Eli Lilly guarantees insulin costs will not go up; Novo Nordisk, Sanofi hedge

An Eli Lilly & Co. logo is featured on a box of insulin medications in this arranged photo of a pharmacy in Princeton, Illinois.

Daniel Acker | Bloomberg | Getty Images

Eli Lilli CEO Dave Ricks vowed Wednesday not to raise prices again on the company’s existing insulin products — the only executive to do so ahead of a Senate Health Committee hearing on the affordability of the life-saving diabetes drug.

Sen. Bernie Sanders, the committee chair, asked Ricks and the CEOs of Novo Nordisk And Sanofi to commit “never again to increasing the price of an insulin drug”. The three companies control over 90% of the global insulin market.

Ricks was the only executive who wholeheartedly agreed with Sanders’ request — at least for Eli Lilly’s existing insulin products.

“We will leave our prices for the insulins on the market today as they are,” Ricks told the Vermont Senator. “In fact, we cut them.”

Meanwhile, Lars Fruergaard Jørgensen, CEO of Novo Nordisk, said the Danish company has committed to limiting price increases to “single digits”.

Sanofi CEO Paul Hudson responded that the company has a “responsible pricing policy.”

He also noted that the net prices for Sanofi’s insulin products are actually falling. Net price refers to the amount insurers pay for an insulin drug after discounts and rebates. It is usually lower than the price a product is listed for.

All three companies have been under political pressure for years to make insulin more affordable for people with diabetes.

In March, they each announced that they would reduce the prices of their most commonly used insulin products.

Lilly announced that the price of the Lispro injection will be $25 per vial starting May 1, and the price of the Humalog and Humulin injections will be reduced by 70% starting in the fourth quarter.

The company also announced that it would limit the deductible for individuals with personal insurance at participating retail pharmacies to $35 per month.

Novo Nordisk announced that it will reduce the list price of its NovoLog insulin by 75% and the prices of Levemir and Novolin by 65% ​​starting next year.

Sanofi said it plans to cut the price of its most popular insulin drug, Lantus, by 78% and the list price of its short-acting insulin, Apidra, by 70%.

At the hearing, Sanders called these actions “good news” and a result of public pressure.

But the senator said the committee plans to hold a hearing next year to make sure those price cuts “actually happen.”

“We just don’t want words. We want action,” Sanders said in his opening speech.

“We need to make sure price cuts are effective enough to ensure that every American with diabetes gets the insulin they need at an affordable price,” Sanders added.

CVS, Express Scripts, Optum Rx

The hearing also brought together other key players in the insulin industry: top executives from three of the largest pharma-benefits executives.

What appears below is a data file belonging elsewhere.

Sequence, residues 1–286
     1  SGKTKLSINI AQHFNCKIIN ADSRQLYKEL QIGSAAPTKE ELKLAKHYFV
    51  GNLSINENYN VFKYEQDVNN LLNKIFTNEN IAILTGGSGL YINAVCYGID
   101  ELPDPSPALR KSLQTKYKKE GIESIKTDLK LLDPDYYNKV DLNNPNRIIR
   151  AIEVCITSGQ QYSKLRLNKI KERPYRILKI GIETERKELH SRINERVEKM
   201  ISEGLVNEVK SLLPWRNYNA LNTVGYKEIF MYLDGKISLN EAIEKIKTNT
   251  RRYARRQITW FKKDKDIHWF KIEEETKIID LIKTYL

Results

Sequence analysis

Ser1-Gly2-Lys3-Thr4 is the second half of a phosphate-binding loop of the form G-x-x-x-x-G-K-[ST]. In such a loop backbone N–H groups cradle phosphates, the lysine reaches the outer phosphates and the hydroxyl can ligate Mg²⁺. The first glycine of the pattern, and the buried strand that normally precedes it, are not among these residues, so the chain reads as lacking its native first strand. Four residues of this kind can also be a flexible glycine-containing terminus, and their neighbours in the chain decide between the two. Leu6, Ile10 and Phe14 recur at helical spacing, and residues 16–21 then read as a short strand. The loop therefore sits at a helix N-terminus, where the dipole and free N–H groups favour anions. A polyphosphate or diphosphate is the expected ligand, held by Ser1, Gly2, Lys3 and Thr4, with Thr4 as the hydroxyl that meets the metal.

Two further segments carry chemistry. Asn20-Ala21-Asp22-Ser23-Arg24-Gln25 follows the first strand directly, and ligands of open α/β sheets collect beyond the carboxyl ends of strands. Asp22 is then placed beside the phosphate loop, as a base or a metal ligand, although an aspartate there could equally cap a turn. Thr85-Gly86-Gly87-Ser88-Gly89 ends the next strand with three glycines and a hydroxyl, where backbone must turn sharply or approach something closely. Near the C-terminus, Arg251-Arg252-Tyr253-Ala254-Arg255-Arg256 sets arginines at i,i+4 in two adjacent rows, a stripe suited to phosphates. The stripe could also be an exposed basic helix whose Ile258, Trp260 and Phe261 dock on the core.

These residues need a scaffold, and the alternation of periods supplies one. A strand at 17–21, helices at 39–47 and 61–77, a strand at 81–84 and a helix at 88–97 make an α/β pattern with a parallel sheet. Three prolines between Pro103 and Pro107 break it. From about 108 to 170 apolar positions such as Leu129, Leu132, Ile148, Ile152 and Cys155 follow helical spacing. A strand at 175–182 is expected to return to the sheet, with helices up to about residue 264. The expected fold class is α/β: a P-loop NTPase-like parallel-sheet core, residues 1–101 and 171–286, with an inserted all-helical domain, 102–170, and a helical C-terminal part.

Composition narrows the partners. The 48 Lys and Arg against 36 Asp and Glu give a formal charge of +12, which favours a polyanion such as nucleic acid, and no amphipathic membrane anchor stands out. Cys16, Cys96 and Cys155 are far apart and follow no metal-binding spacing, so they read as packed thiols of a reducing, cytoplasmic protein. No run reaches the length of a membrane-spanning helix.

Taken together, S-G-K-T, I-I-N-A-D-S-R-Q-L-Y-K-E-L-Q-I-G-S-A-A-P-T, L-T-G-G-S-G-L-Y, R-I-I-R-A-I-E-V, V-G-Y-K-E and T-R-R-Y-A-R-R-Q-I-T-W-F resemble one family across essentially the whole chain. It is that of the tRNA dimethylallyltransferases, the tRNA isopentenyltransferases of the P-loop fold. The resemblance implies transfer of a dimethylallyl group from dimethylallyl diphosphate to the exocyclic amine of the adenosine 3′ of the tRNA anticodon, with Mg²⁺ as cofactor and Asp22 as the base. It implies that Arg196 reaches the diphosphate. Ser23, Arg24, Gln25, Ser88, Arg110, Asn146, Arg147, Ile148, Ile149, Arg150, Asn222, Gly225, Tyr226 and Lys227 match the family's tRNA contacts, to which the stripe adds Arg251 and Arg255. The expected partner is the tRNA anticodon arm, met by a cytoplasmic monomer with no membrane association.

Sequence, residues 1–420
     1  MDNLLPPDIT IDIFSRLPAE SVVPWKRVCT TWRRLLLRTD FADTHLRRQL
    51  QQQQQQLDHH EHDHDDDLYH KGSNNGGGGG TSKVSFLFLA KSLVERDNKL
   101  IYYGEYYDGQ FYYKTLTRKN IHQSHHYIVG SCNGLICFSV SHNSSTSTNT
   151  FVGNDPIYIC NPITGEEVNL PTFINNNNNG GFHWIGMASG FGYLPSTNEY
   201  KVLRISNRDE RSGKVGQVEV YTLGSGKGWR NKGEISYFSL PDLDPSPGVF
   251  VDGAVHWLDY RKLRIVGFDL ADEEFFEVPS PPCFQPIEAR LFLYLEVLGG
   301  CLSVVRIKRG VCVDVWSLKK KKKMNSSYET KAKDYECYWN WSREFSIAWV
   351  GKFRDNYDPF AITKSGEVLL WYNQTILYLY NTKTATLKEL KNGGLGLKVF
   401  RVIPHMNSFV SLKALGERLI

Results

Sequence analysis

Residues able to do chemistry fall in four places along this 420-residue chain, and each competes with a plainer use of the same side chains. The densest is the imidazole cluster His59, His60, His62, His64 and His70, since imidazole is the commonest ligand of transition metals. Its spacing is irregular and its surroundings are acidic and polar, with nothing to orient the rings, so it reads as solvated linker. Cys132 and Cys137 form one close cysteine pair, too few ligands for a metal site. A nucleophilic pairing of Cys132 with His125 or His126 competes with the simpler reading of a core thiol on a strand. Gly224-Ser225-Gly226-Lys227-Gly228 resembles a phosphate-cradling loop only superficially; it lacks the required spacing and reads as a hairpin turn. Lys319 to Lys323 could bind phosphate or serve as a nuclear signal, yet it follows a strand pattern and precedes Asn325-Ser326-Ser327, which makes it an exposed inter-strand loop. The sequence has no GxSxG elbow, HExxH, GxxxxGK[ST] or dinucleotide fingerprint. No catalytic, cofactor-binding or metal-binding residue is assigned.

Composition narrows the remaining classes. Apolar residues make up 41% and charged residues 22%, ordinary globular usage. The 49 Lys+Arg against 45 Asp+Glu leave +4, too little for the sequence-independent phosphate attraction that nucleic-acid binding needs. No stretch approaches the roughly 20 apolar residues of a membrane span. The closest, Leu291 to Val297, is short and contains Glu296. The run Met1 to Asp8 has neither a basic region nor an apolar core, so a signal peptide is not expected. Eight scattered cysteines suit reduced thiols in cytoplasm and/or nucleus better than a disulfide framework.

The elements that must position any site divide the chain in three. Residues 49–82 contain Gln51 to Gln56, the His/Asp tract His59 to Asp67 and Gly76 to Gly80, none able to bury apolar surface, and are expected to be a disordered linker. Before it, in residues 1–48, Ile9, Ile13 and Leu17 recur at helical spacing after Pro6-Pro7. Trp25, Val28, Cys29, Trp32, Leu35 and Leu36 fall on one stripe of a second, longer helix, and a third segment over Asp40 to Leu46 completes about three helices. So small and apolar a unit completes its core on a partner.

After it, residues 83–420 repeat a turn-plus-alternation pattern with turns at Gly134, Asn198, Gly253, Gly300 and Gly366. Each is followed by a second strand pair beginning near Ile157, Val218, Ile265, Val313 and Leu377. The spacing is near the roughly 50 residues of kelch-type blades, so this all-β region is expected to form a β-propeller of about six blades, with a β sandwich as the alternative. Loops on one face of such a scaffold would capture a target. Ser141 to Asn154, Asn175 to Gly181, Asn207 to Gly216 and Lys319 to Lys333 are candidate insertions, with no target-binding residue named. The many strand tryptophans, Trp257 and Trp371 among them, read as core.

Those executives were David Joyner, President of CVS Health pharmacy services; Adam Kautzner, President of Express Scripts; and Heather Cianfrocco, CEO of Optum Rx.

PBMs are the middlemen who negotiate drug prices with manufacturers on behalf of health insurance companies. They are often criticized for allegedly inflating drug prices and not passing on all the rebates and rebates they negotiate to consumers.

Joyner pointed out that CVS Health passes on more than 98% of all discounts to customers.

“We’ve always prioritized making really transparent offers to the market,” he said during the hearing.

But Senator Roger Marshall, R-Kan, stressed that 84 cents of every dollar goes to the PBMs.

Sen. Susan Collins, R-Maine, also highlighted a colossal gap between list and net prices of insulin from 2012 and 2021.

Collins asked Ricks to explain “who gets this money” because “I can tell you it’s not going to the consumer at the pharmacy counter.”

Ricks urged her to ask the PBMs “how this money is being redistributed.”

government caps

About 37 million people in the United States have diabetes, according to the Centers for Disease Control and Prevention. About 8.4 million diabetes patients are dependent on insulin.

High prices have forced many Americans to ration insulin or reduce their use of the drug. A 2021 study in the Annals of Internal Medicine found that nearly 1 in 5 US adults either skipped, delayed, or used less insulin to save money.

The Inflation Reduction Act, the Democratic plan Biden signed into law last year, capped the monthly cost of insulin for Medicare beneficiaries to a $35 monthly prescription but offered no protection for diabetes patients who have private insurance.

More than 2 million patients with diabetes who take insulin are privately insured, according to the Department of Health and Human Services. Another 150,000 patients who take insulin are uninsured, HHS says.

Last month, Sens. Jeanne Shaheen, DN.H., and Collins introduced bipartisan legislation that would require private health insurers to cap the price of any insulin type and dosage form to $35 a month.

These types of insulin include fast-acting, short-acting, medium-acting, long-acting, and pre-mixed. Dosage forms include vials, pens, and inhalers.

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